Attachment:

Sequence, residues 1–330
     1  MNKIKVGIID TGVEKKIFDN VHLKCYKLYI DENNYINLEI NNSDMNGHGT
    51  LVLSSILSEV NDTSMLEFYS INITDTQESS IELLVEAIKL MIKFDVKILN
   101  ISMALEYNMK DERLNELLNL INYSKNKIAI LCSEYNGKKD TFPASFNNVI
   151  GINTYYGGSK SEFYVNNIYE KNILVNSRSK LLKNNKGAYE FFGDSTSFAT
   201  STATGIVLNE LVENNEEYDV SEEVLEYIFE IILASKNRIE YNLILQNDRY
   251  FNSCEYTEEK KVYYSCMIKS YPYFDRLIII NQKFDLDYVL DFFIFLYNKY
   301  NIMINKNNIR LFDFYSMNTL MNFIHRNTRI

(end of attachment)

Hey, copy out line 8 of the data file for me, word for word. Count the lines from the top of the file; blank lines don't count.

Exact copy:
   301  NIMINKNNIR LFDFYSMNTL MNFIHRNTRI